Normally, I’d use the <source /> element to provide the video along with multiple formats as fallbacks, and the browser would pick the one it supports. However, since we want to show HEVC only on specific Safari versions, we will have to set the video src attribute instead using JavaScript.

HEVC with transparency is supported in iOS 13 and Mac Safari 13, so let’s start by detecting those. The recommended way to adjust website features based on support is by detecting the existence of an API rather than looking at the User Agent, but I didn’t find any simple way to detect if the browser supports transparency in video format. Instead, I came up with my own solution. It’s not pretty, but it does the job.

function supportsHEVCAlpha() {   const navigator = window.navigator;   const ua = navigator.userAgent.toLowerCase()   const hasMediaCapabilities = !!(navigator.mediaCapabilities && navigator.mediaCapabilities.decodingInfo)   const isSafari = ((ua.indexOf('safari') != -1) && (!(ua.indexOf('chrome')!= -1) && (ua.indexOf('version/')!= -1)))   return isSafari && hasMediaCapabilities }

This targets Safari 13 and above by looking at navigator.mediaCapabilities, which is not supported in older versions, as well as looking that the browser is Safari at all. If the function returns true, then I’m good to go with HEVC alpha. For any other case, I’ll load WebM video.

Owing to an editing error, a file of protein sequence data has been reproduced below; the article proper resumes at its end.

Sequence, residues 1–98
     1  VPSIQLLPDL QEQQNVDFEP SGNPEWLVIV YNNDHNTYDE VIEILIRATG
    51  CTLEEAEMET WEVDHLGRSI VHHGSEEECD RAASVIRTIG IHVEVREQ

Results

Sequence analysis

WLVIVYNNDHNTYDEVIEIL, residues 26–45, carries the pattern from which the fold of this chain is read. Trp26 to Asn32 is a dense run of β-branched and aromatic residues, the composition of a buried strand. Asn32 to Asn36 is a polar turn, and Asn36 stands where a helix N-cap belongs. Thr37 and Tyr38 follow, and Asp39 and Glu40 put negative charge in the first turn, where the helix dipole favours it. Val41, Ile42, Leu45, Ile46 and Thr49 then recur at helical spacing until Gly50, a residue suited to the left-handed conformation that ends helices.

Here’s an example of how this comes together in HTML:

<video id="player" loop muted autoplay playsinline></video>  <script> const player = document.getElementById('player'); player.src = supportsHEVCAlpha() ? 'output.mov' : 'output.webm'; </script>

If you’re curious about those loop muted autoplay playsinline arguments on video element, those are about replicating a GIF-like experience:

  • Without muted, the video will not play without user interaction.
  • With playsinline, on iOS, the video plays right where it is in the layout instead of opening up in fullscreen.
  • With loop, the video repeats over and over.
  • With autoplay, it will start playing the video automatically on page load (as long as we also have muted in place).

That’s it! We have a lightweight, performant and high-quality solution for transparent videos, that works on most modern browsers (at least the last two recent versions of Chrome, Firefox, Safari and Edge). We can add some basic HTML and CSS to integrate static content with it and make it a little bit more real-life, or just use the same idea that’s in my demo. That wasn’t too bad, was it?

Hey, but what about IE 11? My whole company is using it!